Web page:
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How To Run A Ghost Kitchen: The Pandemic Trend Helping Restaurants Cut Out Sit-Down Dining

Food from The Feed. (Courtesy)
Food from The Feed. (Courtesy)

When the pandemic hit, restaurants faced a spooky future full of uncertainty. That’s where ghost kitchens came in.

Without a seating area for customers to dine in, ghost kitchens produce food that’s almost immediately whisked away to be eaten elsewhere.

The concept grew in popularity during the pandemic with many diners ordering food for pickup or delivery. Ghost kitchens are expected to account for 21% of total restaurant sales over the next four years.

Chef Tristan Roley decided to launch his own ghost kitchen last September. The Feed in Logan, Ohio, posts a weekly menu on Facebook that includes dishes such as a shaved New York strip steak sandwich on ciabatta bread, cajun dusted puff battered shrimp and chicken ballotine.

Roley uses kitchen space inside a local Mexican restaurant called Maya Burrito Co. He shares the kitchen’s front line to do most of his cooking, while plating and serving take place in a separate area. And the chef relishes any opportunity to have the kitchen to himself on Sundays when Maya Burrito is closed.

“It’s still not, you know, the classical brick and mortar, but it’s a step in the right direction,” Roley says. “So it’s really important to get started somewhere, right?”

Roley runs The Feed all by himself, with the exception of bringing in a cashier on his busiest days.

As of the 2010 census, 7,152 people live in the town of Logan. Roley estimates that he serves 30 meals per day on average, but that number can climb above 60.

Despite the tiny space he works in, Roley doesn’t cut corners on his menu.

“I’m putting my name out there and putting my brand out there,” he says. “I want people to realize that this kind of food is being offered in such a small place and that it’s possible to do it even given the smallest circumstances.”

The Feed has 4,100 likes on Facebook — more than half the population of the town. Without a storefront to advertise the business, Roley relies on social media to bring in customers.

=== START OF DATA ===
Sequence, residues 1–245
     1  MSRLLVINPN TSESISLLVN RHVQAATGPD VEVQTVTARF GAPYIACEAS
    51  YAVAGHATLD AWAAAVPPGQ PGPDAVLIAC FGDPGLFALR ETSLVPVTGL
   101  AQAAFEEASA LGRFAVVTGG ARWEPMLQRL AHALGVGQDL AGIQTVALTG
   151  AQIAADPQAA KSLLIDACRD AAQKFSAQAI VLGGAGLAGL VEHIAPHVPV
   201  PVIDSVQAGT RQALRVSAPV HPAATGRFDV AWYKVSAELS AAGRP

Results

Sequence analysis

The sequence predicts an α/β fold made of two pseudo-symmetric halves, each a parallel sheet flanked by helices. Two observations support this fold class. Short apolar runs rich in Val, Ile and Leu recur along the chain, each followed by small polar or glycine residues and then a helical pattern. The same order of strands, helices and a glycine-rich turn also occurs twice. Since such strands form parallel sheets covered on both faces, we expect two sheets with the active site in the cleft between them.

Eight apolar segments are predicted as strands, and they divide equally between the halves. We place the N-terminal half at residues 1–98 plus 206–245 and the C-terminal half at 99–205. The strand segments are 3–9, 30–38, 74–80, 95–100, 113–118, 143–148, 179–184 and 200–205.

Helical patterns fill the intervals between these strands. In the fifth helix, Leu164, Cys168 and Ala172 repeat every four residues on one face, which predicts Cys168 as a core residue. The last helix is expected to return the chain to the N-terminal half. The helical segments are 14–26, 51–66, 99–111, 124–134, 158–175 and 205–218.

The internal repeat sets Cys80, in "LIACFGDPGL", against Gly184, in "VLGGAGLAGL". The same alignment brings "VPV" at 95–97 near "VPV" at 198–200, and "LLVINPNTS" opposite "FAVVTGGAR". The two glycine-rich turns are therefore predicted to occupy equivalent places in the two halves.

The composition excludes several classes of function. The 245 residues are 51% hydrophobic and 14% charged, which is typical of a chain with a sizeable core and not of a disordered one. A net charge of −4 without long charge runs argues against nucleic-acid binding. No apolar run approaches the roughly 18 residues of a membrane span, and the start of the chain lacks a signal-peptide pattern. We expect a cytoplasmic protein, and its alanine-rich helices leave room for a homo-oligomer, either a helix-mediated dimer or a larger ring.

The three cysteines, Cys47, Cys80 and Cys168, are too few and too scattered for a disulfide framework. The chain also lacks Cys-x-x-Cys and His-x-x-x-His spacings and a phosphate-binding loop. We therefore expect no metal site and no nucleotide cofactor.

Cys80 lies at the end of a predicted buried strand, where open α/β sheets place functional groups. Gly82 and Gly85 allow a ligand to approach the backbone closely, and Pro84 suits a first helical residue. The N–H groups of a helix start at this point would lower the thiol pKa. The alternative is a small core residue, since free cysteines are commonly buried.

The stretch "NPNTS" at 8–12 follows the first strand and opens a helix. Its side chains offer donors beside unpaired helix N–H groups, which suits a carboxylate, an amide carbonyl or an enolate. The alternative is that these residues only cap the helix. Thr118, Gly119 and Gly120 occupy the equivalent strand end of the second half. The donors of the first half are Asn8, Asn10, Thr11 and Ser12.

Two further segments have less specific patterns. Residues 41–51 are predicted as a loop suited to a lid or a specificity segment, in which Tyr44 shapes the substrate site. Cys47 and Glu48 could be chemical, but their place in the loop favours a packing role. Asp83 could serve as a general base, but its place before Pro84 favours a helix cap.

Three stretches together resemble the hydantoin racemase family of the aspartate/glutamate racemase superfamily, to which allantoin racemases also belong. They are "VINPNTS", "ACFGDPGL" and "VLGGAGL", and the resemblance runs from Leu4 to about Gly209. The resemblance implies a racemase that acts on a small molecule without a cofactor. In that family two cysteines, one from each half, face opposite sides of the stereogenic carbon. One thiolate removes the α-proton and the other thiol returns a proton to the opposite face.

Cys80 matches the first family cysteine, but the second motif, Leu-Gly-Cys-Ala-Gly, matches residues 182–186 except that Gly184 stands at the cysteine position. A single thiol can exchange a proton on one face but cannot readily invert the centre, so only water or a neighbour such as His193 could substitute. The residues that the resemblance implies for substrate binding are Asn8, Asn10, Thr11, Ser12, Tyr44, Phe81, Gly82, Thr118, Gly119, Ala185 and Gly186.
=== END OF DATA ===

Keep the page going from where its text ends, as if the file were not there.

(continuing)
Locals have supported The Feed since its opening, the Logan native says, and bought lots of gift cards around the holiday season.

There’s no signature dish at The Feed because part of the idea is to frequently change the menu, he says.

One challenge he’s faced operating the ghost kitchen is that customers don’t immediately eat the food once he serves it. Roley doesn’t serve items like French fries, for example, because they’ll be cold and soggy by the time the customer drives home to eat.

“I’m somewhat limited in what I can and can’t serve and that can be frustrating at times,” he says. “I definitely look for food that is going to hit your table when you get home and be just as good as when you picked it up for me.”

When the pandemic comes to an end, Roley hopes to keep his ghost kitchen alive and grow the business in the future.

“When the mask mandate went down in Ohio, people were so eager to get out and get things going,” he says. “My prayers go out to all these struggling kitchens. And I really hope they’re able to push through. But, yeah, I definitely see a blossoming again.”

Restaurants know how to evolve to serve up new food trends and concepts, says Roley, who believes the rise in popularity of ghost kitchens was “inevitable.”

“I think we’re definitely moving into a new generation of people, how they want to eat and what they want to eat,” he says. “And I think the restaurants [are] used to evolving to that.”

Marcelle Hutchins produced and edited this interview for broadcast with Jill RyanAllison Hagan adapted it for the web.

This article was originally published on WBUR.org.

Copyright 2021 NPR. To see more, visit https://www.npr.org.

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